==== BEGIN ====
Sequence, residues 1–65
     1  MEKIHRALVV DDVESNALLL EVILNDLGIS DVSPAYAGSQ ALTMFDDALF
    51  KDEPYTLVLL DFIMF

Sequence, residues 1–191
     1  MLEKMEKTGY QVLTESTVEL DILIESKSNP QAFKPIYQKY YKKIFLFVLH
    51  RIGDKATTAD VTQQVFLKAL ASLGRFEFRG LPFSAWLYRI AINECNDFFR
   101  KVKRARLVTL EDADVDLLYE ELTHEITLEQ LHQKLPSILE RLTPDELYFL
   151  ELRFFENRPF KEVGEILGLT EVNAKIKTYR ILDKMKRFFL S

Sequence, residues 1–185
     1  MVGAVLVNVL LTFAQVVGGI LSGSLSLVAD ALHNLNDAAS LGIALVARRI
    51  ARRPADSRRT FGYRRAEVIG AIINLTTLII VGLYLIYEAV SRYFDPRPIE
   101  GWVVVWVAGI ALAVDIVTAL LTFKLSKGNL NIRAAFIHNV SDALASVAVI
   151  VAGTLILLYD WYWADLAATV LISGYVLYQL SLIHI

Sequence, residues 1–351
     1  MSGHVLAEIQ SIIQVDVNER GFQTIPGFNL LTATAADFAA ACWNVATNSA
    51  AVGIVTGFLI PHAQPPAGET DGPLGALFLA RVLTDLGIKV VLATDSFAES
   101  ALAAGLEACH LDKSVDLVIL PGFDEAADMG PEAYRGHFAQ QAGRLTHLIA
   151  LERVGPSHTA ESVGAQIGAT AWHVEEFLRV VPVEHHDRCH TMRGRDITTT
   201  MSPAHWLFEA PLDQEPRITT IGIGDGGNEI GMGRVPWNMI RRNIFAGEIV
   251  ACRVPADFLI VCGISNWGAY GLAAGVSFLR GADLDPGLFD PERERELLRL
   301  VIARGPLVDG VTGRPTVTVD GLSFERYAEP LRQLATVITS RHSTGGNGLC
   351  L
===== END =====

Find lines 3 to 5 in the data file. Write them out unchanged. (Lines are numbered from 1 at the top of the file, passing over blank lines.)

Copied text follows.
    51  KDEPYTLVLL DFIMF

Sequence, residues 1–191
     1  MLEKMEKTGY QVLTESTVEL DILIESKSNP QAFKPIYQKY YKKIFLFVLH